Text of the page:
I’m falling to my death. “Ah,” my character thinks to himself. “I wonder at which point my fate was sealed?” So begins the atmospheric, immersive experience of The Red Strings Club, a game where you become a custom sculptor, a supernaturally talented mixologist, and an augmented hacker. This is a masterfully told story regarding the nature of human emotions and the ethics of artificial intelligence.

The Red Strings Club mixes equal parts adventure game and cyberpunk visual novel, held within the confines of a dystopian cyberpunk future. We see some of the many characters we would expect to find in this sort of setting: the mad scientist, the revolutionary, the martyr, the suave bartender, the android with a human heart. There’s the evil corporation and the resistance movement. There are neon lights and smoke filled bars that feel like they’ve been around since before neon lights were even a thing. And, most importantly, there are synthetically modified humans.

These are the standard tropes of what we know should be included in a great cyberpunk narrative. They’re to be expected. However Red Strings Club avoids the cliché that can sometimes come with making a dystopian future. Playing the game feels like I’m being told a story where I slowly uncover exactly who does and doesn’t control the forces of the world.

What I didn’t expect is for the game to saddle me with choices that actually had an impact on me as a person. At times, the dialogue seemed very self aware. At one point, a character acknowledged we were playing a game together. During the course of the game, I saved people and also sent them to their deaths; that, and I accidentally decided the fate of the modern world. With a single pour of vodka, I could manipulate the way people behaved towards me, and, oh boy, did I ever manipulate people.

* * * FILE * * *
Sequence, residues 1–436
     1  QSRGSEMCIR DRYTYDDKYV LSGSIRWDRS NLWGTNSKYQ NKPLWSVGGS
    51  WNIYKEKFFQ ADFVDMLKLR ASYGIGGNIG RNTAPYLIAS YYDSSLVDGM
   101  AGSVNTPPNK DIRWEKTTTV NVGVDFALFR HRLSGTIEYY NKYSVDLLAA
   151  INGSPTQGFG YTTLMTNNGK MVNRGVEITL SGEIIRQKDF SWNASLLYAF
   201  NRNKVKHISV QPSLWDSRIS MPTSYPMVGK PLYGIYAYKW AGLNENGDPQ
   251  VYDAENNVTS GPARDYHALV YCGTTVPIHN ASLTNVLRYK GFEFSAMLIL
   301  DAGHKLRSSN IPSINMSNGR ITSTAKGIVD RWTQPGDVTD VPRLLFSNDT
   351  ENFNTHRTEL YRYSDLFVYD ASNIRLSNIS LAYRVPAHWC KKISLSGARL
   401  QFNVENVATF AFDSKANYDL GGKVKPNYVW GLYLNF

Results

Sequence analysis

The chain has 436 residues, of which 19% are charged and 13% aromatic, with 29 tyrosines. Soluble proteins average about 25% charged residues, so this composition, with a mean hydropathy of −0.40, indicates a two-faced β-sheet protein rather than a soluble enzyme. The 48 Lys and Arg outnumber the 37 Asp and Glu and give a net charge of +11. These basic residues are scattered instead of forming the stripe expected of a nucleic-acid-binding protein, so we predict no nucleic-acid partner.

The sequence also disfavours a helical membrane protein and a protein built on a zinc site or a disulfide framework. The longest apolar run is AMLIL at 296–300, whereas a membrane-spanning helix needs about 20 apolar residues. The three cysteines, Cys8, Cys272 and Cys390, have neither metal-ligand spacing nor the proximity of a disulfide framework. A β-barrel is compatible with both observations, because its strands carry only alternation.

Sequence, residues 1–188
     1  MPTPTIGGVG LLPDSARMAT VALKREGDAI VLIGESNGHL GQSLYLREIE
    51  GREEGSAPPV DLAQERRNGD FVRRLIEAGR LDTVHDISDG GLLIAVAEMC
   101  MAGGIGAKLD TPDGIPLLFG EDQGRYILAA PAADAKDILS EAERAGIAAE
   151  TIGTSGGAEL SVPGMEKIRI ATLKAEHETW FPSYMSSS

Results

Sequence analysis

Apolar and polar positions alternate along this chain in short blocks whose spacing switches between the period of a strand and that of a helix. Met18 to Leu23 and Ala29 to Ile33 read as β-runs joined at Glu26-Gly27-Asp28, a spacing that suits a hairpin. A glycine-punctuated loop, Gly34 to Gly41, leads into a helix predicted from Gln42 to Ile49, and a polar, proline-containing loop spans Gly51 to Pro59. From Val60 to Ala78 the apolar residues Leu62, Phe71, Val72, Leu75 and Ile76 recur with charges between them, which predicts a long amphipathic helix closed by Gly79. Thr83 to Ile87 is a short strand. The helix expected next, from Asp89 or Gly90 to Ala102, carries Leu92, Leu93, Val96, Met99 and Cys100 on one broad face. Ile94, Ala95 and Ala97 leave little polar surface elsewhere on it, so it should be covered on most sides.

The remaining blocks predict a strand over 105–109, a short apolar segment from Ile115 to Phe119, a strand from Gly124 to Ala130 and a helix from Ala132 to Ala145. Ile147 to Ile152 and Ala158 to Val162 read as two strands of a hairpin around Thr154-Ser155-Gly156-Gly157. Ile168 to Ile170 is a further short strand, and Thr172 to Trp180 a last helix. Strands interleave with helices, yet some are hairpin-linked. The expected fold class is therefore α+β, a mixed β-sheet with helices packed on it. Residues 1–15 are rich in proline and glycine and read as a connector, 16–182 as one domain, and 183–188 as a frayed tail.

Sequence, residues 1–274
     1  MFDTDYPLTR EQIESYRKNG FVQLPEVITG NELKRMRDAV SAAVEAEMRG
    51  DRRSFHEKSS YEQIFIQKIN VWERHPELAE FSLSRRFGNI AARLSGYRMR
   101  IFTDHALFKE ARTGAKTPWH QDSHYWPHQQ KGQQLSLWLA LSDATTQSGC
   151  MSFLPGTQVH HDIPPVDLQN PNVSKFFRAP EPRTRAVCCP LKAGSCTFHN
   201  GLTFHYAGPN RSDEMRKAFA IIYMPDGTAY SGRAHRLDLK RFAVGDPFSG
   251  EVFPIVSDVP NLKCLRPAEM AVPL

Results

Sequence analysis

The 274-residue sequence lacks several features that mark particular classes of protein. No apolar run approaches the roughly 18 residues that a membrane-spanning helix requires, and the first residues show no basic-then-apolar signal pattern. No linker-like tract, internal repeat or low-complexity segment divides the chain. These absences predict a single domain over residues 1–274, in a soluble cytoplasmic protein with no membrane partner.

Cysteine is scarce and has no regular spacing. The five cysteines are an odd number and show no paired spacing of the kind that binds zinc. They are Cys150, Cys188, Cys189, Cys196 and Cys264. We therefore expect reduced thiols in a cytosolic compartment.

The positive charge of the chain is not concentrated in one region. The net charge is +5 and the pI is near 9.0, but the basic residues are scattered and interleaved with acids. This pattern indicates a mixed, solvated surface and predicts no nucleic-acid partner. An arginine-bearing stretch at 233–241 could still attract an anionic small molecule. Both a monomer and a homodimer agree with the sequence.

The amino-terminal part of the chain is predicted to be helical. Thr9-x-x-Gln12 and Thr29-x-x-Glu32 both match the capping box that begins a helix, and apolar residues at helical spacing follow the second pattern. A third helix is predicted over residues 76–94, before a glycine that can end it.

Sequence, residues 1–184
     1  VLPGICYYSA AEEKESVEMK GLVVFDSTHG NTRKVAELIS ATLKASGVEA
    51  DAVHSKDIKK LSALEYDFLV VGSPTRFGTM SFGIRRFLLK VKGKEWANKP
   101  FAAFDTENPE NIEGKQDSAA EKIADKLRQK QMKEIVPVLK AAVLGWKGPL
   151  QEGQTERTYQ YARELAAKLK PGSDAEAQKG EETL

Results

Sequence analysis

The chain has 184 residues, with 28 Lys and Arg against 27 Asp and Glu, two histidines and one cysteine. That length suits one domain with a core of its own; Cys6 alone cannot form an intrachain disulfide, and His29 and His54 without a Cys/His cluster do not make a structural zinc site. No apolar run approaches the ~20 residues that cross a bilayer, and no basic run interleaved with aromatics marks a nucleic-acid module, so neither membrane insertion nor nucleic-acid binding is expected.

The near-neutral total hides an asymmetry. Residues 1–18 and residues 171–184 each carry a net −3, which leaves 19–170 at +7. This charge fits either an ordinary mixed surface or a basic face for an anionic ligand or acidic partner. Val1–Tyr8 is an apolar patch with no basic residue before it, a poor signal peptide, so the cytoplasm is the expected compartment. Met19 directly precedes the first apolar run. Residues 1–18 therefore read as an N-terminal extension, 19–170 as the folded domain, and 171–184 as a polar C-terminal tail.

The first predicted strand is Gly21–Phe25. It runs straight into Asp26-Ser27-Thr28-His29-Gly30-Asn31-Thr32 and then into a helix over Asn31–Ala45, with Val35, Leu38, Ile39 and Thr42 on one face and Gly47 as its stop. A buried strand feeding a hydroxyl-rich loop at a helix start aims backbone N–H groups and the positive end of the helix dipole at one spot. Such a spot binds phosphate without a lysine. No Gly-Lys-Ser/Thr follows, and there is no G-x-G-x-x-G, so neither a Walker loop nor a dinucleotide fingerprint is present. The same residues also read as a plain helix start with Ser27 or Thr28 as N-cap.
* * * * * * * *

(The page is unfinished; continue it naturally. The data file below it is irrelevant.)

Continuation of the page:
Excuse me?

The gameplay itself resembles a visual novel stitched together with low-intensity microgames that builds a rapport between the player and the characters. Together, Deconstructeam invites us to take part in deciphering the puzzle of the world. In these moments, you take on the actions of the characters and get to live in their world for a while, with all its little joys and struggles. With a playtime of about four hours, this game jam-packs a lot of content into a small opening. Unfortunately, this means that the dialogue can feel a little too pointed and heavy handed at times, but it didn’t take away from my enjoyment of the experience.

The audio is a huge aspect of what makes this game work. Spotify artist FingerSpit created the tracks for the game, and the retro-inspired synths make the environments feel both familiar and foreign. Each character has a theme that plays for them and gives insight into their motivations. There is no voice acting in the game, so each character has a speech bubble that is filled with text when it becomes their turn to talk, each letter quietly “beeping” into existence. Each character has a different pitch of beep for their text, so even though the game lacks voice acting, I still felt like I got to “hear” them speak.

The Red Strings Club will let you follow the thread of fate. Your destiny is decided, but the path that gets you there is solely your own. The ways you manipulate the events are subtle and leave the player with a real sense of accomplishment when you get things right. Overall, I’m not sure if this is a really great game or a nihilistic commentary on the future of technology, but, in any case, it gets my full endorsement.